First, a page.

The seed for writer/director John Berardo’s timely slasher shocker, Initiation, was first planted way back when he was all of 11 years young watching his first R-rated film at a friend’s party. The film in question was Wes Craven’s SCREAM and the second he and his pushed that particular Blockbuster VHS into the VCR unit, he became obsessed with the horror genre, feeding his knowledge by watching all the 90’s slasher films as well as every classic and true crime story from decades past.
Talking about his latest endeavour, he recalls how he developed the Initiation script during his second year of grad school: “It was the year I came out of the closet. I was 25 years old and came to the realisation that if I continued lying to myself, the movies I made would be a product of what I was suppressing. Initiation began with the belief that fear wasn’t just personal, but universal.”
Year’s before filming Initiation, the whole idea started life as a short film he made for a USC School of Cinematic Arts class, Making Media for Social Change. The goal of the class was to make a movie with a topical message to the current social climate and everything Berardo learned from making that short gave the feature script an authentic approach to telling a story that creates “a call to action” and compels the audience to do something.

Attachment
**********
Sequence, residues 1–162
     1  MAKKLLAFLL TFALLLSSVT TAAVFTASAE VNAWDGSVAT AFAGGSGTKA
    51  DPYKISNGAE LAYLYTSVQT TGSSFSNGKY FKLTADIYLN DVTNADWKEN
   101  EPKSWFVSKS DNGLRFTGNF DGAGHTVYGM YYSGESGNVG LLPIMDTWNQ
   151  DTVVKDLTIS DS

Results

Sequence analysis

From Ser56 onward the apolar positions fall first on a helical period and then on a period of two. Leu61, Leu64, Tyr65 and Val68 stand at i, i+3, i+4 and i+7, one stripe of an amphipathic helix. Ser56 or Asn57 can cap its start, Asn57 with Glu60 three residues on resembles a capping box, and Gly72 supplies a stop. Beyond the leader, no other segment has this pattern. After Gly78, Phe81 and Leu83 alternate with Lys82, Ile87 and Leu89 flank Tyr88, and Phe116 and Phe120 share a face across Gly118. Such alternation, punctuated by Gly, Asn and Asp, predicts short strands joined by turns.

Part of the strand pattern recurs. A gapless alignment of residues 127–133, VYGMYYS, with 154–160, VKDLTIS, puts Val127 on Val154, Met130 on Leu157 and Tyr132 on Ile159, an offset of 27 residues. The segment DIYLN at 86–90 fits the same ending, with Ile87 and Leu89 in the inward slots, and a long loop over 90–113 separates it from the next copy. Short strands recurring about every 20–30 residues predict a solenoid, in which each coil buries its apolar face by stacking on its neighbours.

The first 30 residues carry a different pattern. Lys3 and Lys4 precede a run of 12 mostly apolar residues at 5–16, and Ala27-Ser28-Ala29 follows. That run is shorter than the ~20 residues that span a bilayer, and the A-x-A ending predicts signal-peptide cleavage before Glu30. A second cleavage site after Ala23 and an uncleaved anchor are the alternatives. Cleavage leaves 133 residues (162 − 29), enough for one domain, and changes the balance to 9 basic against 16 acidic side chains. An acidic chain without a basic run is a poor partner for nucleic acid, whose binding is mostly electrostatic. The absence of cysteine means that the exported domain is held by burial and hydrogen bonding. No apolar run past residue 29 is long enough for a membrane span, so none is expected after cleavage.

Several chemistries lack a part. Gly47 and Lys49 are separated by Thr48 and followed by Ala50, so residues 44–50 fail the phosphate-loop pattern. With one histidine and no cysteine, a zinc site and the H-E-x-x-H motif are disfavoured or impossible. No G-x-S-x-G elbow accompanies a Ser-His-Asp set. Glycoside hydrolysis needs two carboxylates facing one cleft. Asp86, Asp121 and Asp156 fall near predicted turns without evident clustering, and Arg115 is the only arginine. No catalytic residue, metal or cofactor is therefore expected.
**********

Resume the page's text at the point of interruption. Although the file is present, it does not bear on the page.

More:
Penned by Berardo, Brian Frager and Lindsay LaVanchy and starring Jon Huertas, Isabella Gomez, Froy Gutierrez, Lochlyn Munro as well as co-writer Lavanchy, Initiation sees the protagonists in the throes of their university’s pledge week. Carefree partying soon takes a turn for the sinister when a star athlete is discovered impaled in his dorm. The murder ignites a spree of sinister social-media messages, sweeping the students and police into a race against time to uncover the truth behind the school’s dark secrets…and the horrifying meaning of a recurring symbol: a single exclamation mark.
As the film releases in theatres, On Demand and Digital today, May 7, SCREAM sat down with Berardo who revealed why he chose to centre his slasher on the toxic nature of social media and how this focal point took on a whole character and language of its own…
Words: Howard Gorman